I had a great time building pillowcases from the Wilmington collection, Cookie Cutter Christmas. I love the welcome of a bed with lots of pillows on it. Because I can't really get a quilt done for every bed in the house to be in Christmas style, I still want my expression on the beds when they come home. Pillowcases are fabulous and fun and they are really slick with the pattern we have in the store.

When I am cutting past my rulers, I don't like to use the lines on my mat. That is likely the most inaccurate way of cutting any measurements. The lines on your mat are reference lines. When I cut the larger sizes, I use what my Geometry teacher, Mr. Downing, taught me...mark two or more marks on your measurement and then line up the dots for cutting. (See my p.s. on Geometry class for those of you who know that I am math challenged.) While I use a chalk marker, you COULD use a Pigma pen for a really sharp point. Don't wig out that it is a pigma pen and is permanent, you are cutting the line OFF and any remnants of marks will fall within your seam. I know some people use a ballpoint pen but there is some risk of that ink shedding into your work.

I keep my pattern UNDERNEATH MY CUTTING MAT. That way I always know where it is because I need it regularly and I hate digging around for it. So, if you come into the store to buy the pattern again (because you lost the first one), I will ask you if you looked underneath your cutting mat. I love this pattern because it shows how to create the pillowcase with all encased seams. It is one of those sewer's details that really makes us shine like professionals. However, I find that as many pillowcases as I make, I always need the pattern to remind me how to do it again.

Invariably, I get to be a smarty pants and think I can remember how to sew it together; and I always sew together the first one wrong and get to un-sew it. The other thing I find is really important when I am sewing pillowcases is that there IS a need to pin. I like using a stripe for a cuff and I like that it matches up with the stripe front and back. While this adds time to the process, it is LESS time than un-sewing and re-sewing.

I love the kits of the pillowcases because the pieces are all right there for me to not have to figure out. I really love these kits because they aren't too Christmasy and they respect the colors I already have in the room. Call the store or stop in and see what Karen has been cutting up for some fast kits. These are really classy!

I know I feel great about getting something I have been on a kick of what can I sew in one hour. Two pillowcases took me one hour. Sure, you could get lots more done if you sewed them with a serger, but this (for me) is like my sister-in-law Susie who bakes bread. She doesn't do it because it is faster or cheaper, she bakes the best wheat bread because it makes her happy. Sewing these pillowcases with French seams and an encase cuff makes me smile. I went to the extra trouble to take my skills and make something nicer than I could get at the store. It makes me happy to share my love with my family.

And sewing with them makes me feel the same way. I love getting older because it makes me not drive myself with deadlines for anything but to express love. We are not more loved because we sewed for everyone. I sew out of love not responsibility. I make things because I want to make them and it makes me happy. If I have a deadline looming over get that hand-appliqued quilt done for my sister's co-worker's daughter's neighbor, I have done myself in for a number that isn't mine. I sew pillowcases because it is my chance to interact with some amazing fabric before it is all gone. It is my chance to put a greeting on the beds of my kids when they come home for Christmas. It even makes Henry smile to go to get into bed and see a Christmas pillowcase on the bed.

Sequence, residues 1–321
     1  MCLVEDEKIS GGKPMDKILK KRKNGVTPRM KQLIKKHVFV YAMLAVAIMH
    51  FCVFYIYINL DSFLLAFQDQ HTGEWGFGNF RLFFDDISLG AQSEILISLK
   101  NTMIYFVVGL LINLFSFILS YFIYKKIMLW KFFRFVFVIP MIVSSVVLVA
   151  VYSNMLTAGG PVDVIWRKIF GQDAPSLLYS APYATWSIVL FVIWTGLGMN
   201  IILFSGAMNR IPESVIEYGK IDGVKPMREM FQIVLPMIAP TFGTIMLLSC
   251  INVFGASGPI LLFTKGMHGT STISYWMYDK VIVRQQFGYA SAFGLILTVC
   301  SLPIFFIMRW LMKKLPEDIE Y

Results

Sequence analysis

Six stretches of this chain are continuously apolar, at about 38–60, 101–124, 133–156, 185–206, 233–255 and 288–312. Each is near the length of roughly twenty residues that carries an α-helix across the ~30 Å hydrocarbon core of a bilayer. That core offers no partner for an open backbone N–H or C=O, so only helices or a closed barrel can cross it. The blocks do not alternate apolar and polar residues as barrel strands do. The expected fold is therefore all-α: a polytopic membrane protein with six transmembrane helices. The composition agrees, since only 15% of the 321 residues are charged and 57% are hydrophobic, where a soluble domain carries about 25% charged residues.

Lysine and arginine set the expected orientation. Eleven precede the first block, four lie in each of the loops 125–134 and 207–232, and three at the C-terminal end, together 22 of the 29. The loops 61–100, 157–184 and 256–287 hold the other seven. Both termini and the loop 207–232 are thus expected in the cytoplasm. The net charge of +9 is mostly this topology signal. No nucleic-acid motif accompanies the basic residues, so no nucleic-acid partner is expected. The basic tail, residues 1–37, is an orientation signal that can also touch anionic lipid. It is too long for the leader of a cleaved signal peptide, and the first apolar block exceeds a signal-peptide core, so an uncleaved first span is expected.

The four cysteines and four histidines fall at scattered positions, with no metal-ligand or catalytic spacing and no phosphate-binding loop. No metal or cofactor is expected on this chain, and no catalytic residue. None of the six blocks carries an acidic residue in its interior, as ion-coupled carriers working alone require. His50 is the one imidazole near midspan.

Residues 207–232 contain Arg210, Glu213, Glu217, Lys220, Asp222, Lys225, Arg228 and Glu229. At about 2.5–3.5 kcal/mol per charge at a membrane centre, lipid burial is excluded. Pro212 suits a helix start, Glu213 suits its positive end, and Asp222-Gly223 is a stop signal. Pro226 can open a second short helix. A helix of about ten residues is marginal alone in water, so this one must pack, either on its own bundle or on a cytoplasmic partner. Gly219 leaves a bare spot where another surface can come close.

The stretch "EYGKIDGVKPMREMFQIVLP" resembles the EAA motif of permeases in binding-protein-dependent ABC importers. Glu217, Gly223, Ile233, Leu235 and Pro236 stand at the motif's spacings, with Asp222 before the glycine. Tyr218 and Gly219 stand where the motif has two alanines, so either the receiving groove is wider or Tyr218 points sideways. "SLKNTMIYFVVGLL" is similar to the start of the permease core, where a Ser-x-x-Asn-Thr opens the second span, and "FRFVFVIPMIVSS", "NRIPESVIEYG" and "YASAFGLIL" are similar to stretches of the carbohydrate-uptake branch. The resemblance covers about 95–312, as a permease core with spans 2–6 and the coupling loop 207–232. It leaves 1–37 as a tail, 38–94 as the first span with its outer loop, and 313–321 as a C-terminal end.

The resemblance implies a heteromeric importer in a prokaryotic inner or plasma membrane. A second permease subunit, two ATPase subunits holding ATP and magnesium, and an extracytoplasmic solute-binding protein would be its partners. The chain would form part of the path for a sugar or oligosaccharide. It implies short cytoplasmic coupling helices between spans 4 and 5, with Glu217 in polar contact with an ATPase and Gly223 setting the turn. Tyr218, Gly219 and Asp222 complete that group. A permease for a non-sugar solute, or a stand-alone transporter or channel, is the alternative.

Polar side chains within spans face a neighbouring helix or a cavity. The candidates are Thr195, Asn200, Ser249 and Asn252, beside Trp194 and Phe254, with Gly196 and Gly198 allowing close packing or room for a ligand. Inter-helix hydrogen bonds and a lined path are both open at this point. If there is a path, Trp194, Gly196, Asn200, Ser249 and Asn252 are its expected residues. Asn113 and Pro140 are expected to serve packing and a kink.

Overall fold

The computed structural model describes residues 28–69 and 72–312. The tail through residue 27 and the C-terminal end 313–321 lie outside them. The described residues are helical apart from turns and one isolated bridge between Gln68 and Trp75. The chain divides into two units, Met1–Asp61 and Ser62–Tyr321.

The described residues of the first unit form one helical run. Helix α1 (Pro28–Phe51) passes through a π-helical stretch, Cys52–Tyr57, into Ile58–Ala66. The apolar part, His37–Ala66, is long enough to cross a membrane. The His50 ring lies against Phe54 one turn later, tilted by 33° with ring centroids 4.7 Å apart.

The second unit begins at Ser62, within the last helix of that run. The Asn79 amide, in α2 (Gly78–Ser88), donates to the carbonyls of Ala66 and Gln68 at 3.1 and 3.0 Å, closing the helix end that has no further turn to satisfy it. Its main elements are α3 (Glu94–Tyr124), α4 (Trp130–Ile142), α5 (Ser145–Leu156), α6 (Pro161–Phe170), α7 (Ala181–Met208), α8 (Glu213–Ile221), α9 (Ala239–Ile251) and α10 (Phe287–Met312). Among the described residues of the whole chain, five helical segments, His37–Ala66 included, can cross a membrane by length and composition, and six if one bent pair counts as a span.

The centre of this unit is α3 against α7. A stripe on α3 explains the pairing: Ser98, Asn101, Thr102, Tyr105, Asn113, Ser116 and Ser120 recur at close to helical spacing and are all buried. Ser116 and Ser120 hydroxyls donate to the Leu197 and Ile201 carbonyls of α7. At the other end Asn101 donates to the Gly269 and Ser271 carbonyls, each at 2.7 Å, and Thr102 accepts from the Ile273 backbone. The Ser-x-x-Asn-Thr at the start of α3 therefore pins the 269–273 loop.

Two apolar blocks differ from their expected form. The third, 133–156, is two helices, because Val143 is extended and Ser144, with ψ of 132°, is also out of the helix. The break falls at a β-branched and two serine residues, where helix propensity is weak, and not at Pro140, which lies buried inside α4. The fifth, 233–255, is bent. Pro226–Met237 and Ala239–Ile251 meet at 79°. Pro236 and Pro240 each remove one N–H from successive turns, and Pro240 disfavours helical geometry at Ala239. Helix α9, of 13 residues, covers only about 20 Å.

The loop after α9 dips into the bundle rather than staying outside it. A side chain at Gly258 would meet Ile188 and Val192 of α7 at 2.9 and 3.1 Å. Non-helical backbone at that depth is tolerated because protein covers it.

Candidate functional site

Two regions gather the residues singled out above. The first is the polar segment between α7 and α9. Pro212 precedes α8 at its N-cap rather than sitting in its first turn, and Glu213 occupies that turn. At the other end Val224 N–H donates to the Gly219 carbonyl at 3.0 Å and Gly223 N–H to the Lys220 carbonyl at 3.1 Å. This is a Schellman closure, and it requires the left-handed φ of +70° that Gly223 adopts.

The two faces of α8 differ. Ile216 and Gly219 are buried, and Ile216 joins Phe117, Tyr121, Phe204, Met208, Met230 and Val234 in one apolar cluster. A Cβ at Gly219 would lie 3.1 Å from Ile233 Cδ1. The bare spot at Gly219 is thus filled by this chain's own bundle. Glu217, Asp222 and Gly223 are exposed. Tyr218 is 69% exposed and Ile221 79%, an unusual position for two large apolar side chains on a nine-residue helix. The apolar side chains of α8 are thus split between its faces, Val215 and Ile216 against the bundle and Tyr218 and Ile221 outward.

So, my journey for today is working on making Table Toppers out of charms packs. Before I dug into my favorite method for this (out of two charm packs), I started RECYCLING some Christmas stockings I started two years ago that didn't quite turn out. I will take more pictures of how and why I did that for my next blog. Just know that this was a dead project in my bin of projects that made me sad everytime I saw it. Now, I love what it is becoming. And....if you are a member of my husband's family, THIS will be my exchange gift this year. Yes, that is legitimate. You CAN give a recycled gift. This is technically NOT one that has actually ever been gifted to anyone else. (Oh, and that is my is legitimate only IF the person you are gifting to will actually appreciate the gift more than you did.)

Here's a sneak peek of my next project....and I had better get to the sewing room. The girls and Joel are already there working away. While they all growl a bit when I pull out the camera, you can see that they always seem able to muster a smile.

All the Best to You....REALLY! jill

p.s. Yes, I am math challenged. While I don't make light of disabilities, I like to let people know that I have a challenge and that accepting it has helped me immensely in coping. When I was in elementary school, I struggled with lots of math concepts. However, in the long run, when I became a teacher, my focus was on learning disabilities. I found it incredibly freeing to take what I knew about how we function and find ways to make life functional and enjoyable. For me, geometry was the BEST math class. I loved art and creating. Geometry made a lot of sense to me because I could apply it quite directly to my creating. I am ever grateful to Mr. Downing who didn't know that his tolerance of my incessant questions and a fabulous sense of humor made me realize that being math challenged wouldn't impair me forever. In fact, as a teacher, while I have inabilities to understand some components of mathematics, my ability to apply math to my creative nature opened me up to know how to make a lot of topics palatable to all kinds of learning. I love that I still get to teach every day, even though my title isn't teacher, I think I still have chalk dust in my veins!